Grown-Out Hair Color Is All The Rage, But Does It Signal The Death Of Highlights?
Why natural hair color is in the spotlight.
In the past two or so years, you’ve likely learned how to cut your own bangs, that self-care now involves a slew of anxiety-quelling efforts in addition to skin care routines, and the art of the at-home manicure. The shifts within the beauty space are plenty, but a favorite may be the dirty blonde and grown out brunette hair color trend, a lingering result of salon closures across the country.
Even celebrities like Hailey Bieber, Taylor Swift, and Gigi Hadid have seemed to jump on the all-natural hair movement, with variations of rooty blonde, bronde, and highlight-free looks. “After a period where people couldn't access salons as easily, there seems to be an embrace towards natural colors, more neutral, from chocolate browns all the way through to soft champagne blondes,” says Josh Wood, a veteran celebrity colorist who has worked with everyone from David Bowie to Florence Welch. Even a quick scroll through social media proves his point: unless purposefully bold — like the copper red trend — hair colors seem a bit gentler as of late, with fewer buttery blonde looks overall.
This done-meets-undone vibe communicates the same sort of insouciance as no-makeup makeup: there’s effort there, but it’s less all-out revamp and more an accentuation of natural hair color — all the better to appear as if you’re not really trying, which, for better or worse, is the very essence of cool. “It's not about no color at all, but the tones are flatter and more neutral in tonality,” says Wood, who has seen an increase in a worn-in color that comes off as less high-maintenance with his clientele. “We have even been putting in a darker fake root to grunge up the look a bit.”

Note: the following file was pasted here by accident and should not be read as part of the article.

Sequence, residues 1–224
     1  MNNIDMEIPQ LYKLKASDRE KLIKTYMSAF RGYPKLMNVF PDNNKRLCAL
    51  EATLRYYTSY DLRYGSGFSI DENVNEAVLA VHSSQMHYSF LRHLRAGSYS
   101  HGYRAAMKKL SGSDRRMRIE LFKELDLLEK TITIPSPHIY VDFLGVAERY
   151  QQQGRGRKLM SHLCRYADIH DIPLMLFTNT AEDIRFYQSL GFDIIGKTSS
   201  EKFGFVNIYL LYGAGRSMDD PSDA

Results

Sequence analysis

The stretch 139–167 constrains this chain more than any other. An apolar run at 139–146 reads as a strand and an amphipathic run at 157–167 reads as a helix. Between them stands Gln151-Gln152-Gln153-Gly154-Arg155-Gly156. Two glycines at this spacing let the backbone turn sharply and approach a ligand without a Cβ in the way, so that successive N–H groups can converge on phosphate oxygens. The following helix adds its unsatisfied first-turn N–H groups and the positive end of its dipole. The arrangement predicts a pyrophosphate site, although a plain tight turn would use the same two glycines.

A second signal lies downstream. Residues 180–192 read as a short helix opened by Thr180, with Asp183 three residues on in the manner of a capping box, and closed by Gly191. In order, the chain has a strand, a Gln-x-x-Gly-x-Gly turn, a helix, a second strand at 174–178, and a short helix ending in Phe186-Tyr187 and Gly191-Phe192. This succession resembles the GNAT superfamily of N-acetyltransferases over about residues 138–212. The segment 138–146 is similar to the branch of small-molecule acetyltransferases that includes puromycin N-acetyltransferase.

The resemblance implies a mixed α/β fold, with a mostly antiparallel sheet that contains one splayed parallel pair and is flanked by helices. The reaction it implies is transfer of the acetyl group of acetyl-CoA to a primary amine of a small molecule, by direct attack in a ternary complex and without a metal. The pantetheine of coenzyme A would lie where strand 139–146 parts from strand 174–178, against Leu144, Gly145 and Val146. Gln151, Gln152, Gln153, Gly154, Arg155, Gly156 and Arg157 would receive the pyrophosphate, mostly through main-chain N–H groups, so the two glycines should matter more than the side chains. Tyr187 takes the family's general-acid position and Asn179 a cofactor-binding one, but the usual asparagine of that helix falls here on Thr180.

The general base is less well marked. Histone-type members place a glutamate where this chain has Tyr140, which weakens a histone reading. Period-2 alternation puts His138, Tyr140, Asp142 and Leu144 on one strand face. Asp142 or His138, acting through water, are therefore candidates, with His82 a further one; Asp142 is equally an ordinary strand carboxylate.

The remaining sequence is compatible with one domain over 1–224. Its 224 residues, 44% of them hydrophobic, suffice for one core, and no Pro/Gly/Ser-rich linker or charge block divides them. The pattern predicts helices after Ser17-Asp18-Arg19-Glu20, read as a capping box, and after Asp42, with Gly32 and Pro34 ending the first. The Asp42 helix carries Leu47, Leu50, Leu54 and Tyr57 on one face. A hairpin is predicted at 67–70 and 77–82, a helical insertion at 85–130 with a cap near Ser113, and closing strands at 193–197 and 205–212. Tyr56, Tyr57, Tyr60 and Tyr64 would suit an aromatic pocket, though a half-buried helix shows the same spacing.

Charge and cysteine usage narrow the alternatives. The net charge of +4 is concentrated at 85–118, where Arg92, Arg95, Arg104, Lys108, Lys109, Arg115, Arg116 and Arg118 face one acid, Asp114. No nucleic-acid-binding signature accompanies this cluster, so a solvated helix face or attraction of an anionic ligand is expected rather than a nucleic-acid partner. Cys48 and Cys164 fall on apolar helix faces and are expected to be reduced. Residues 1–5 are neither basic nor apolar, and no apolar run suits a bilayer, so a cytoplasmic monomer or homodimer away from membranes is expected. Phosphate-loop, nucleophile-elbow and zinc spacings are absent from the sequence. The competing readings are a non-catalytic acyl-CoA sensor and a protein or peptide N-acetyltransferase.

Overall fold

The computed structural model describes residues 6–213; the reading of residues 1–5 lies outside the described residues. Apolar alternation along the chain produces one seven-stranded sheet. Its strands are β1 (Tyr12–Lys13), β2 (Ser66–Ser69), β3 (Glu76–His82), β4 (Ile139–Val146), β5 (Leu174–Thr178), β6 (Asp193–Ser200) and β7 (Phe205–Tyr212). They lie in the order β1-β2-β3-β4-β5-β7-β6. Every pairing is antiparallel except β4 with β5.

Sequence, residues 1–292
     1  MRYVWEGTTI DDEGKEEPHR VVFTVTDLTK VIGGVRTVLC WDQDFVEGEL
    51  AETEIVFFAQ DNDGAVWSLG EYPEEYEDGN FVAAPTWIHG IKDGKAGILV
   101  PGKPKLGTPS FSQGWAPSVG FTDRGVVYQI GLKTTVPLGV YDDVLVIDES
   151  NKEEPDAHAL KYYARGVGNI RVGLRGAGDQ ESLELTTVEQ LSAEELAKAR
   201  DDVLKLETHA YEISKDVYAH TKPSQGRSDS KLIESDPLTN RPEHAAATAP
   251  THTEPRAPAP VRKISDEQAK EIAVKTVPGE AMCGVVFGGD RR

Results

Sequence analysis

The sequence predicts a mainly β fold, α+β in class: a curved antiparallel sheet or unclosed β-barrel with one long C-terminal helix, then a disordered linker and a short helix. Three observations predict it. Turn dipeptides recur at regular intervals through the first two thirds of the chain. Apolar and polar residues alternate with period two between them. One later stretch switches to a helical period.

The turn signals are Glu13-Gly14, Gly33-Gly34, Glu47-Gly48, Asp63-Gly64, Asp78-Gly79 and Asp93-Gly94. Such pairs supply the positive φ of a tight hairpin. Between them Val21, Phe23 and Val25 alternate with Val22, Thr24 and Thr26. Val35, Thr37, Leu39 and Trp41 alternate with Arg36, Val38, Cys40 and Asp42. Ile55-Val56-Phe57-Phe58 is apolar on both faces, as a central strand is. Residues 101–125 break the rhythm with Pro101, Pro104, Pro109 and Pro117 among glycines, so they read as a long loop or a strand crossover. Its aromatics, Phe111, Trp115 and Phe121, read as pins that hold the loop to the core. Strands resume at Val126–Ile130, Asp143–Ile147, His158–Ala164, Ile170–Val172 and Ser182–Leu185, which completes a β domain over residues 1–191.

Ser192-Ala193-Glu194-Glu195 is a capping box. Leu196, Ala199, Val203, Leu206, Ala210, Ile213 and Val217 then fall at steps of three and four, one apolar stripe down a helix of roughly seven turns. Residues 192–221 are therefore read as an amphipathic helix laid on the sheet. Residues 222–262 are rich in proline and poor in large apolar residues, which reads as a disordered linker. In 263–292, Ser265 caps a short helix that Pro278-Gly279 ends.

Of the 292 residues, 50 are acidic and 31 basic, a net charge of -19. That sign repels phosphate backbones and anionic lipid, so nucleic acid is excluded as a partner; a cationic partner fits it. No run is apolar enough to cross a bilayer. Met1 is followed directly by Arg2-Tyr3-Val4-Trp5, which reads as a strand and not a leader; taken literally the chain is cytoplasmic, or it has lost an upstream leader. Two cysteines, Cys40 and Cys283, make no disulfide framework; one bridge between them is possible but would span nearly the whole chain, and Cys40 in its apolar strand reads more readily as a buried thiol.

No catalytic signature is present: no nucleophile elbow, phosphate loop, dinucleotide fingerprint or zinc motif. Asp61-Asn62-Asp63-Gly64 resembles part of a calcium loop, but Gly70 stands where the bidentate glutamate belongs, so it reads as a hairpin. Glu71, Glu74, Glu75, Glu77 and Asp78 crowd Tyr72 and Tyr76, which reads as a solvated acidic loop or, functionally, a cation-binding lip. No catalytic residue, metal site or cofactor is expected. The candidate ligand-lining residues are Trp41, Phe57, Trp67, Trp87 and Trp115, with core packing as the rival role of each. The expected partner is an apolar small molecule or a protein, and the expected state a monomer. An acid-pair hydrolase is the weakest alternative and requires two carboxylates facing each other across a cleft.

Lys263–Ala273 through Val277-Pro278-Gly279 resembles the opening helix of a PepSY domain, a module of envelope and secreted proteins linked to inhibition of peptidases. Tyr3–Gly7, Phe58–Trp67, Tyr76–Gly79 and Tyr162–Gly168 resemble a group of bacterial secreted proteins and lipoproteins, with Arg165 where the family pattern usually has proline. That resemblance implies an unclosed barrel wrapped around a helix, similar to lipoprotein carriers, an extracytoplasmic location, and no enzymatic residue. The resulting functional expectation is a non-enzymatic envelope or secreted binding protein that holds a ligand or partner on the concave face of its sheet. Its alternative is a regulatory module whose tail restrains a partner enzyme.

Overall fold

So, What Do Hair Color Trends Look Like In 2022?
Natural-seeming looks are fantastic, but what does this mean for the future of hair trends past? If this is the year of organic color, does that mean a death knell for highlighted hair? The answer, according to the experts, is no — although there will be some fairly welcome adjustments in both process and outcome.
“I think highlights are going to stay, but they will be subtle, more natural, and blended,” says Rita Hazan, who counts Jennifer Lopez and Beyoncé among her clients. “A multi-dimensional look, soft but sophisticated and that can also be low maintenance.” Wood agrees, adding that, “Gone are the stripes of yesteryear, replaced by a subtle effect, almost like the lightning has happened naturally.”
The keyword, it seems is subtle — updates that make any hair color, even natural hues, a bit richer, more capable of catching the light (and eyes!). When executed thoughtfully, highlights can offer an infusion of movement that prevent even seemingly mousey colors from looking dull or dense.
For those who aren’t eager to let it all grow out, achieving the aforementioned balance in your hair color is all about artistry — and balayage. “Many people are noticing that they can achieve a natural, healthy, and expensive-looking hair color through balayage rather than aluminum foiled highlights,” says hairstylist Jenna Perry, go-to colorist for the likes of Bella Hadid and Emily Ratajkowski. “To me, balayage highlights are more aesthetically pleasing than foils.”
She explains that balayage allows for more freeform, individualized color than foils, which center on consistent saturation from roots to ends. “The colorist has more creative control to create ribbons of beautifully painted highlights in very specific areas that can be really soft and diffused or very bright and saturated,” she says. Micro-lights, or diminutively foiled sections, are a tiny take on traditional highlights which, with their small size and strategic placement, can make for a better blend and offer quiet coverage for grays.
Aside from rooty, well-blended highlights, Hazan predicts that brown tones will be all the rage for 2022. “I think brunettes are going to be a strong trend this year,” she says. “Not necessarily your natural color, but a warm rich brown.” For her part, Perry expects that multi-dimensional chocolate browns and beige-y mushroom tones will have a moment in 2022.
“People are going back to the basics,” says Hazan. “We’ve been living over-the-top for so long. Now that people are not going out as much and are mostly staying around close family and friends, they’re realizing that they don’t need a lot of what used to be high-maintenance, but they still need to feel pretty and take care of themselves.”
Perry agrees. “People are seeing celebrities who have had these high-maintenance looks for years going back to their roots.”
No matter your preference, the takeaway is the same: there’s strength in subtlety, and in lower-maintenance looks. So, the next time you find yourself in your stylist’s chair, make sure the conversation centers on renewal rather than reinvention — you may be surprised at just how much your own hair color has to offer, especially with some skillful, salon-grade oomph.